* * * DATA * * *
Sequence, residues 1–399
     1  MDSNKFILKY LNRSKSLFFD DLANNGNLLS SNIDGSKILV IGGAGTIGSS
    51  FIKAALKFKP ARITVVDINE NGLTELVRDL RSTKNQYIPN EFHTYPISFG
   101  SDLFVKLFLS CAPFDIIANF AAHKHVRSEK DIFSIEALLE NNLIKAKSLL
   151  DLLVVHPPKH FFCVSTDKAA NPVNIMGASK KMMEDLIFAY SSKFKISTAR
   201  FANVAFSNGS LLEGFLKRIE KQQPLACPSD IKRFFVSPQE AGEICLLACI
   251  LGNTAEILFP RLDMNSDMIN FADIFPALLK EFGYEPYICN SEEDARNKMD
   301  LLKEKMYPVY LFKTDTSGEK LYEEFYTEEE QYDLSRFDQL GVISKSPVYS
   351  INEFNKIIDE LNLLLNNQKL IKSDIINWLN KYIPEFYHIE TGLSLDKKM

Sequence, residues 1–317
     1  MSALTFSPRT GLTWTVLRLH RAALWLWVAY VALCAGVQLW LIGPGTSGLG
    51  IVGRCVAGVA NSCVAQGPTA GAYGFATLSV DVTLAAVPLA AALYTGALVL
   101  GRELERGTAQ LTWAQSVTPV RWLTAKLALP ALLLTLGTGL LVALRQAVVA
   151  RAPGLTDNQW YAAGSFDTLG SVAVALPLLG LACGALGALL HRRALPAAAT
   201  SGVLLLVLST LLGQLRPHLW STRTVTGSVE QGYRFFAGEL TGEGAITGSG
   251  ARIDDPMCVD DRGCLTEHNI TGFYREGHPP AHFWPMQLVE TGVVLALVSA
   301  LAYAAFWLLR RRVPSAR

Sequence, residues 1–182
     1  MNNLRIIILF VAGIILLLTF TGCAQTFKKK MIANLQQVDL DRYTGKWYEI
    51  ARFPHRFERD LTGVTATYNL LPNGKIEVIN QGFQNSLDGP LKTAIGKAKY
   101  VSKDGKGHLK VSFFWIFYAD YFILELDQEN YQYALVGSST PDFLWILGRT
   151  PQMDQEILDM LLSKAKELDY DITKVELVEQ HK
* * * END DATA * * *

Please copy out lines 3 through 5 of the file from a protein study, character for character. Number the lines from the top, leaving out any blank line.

    51  FIKAALKFKP ARITVVDINE NGLTELVRDL RSTKNQYIPN EFHTYPISFG
   101  SDLFVKLFLS CAPFDIIANF AAHKHVRSEK DIFSIEALLE NNLIKAKSLL
   151  DLLVVHPPKH FFCVSTDKAA NPVNIMGASK KMMEDLIFAY SSKFKISTAR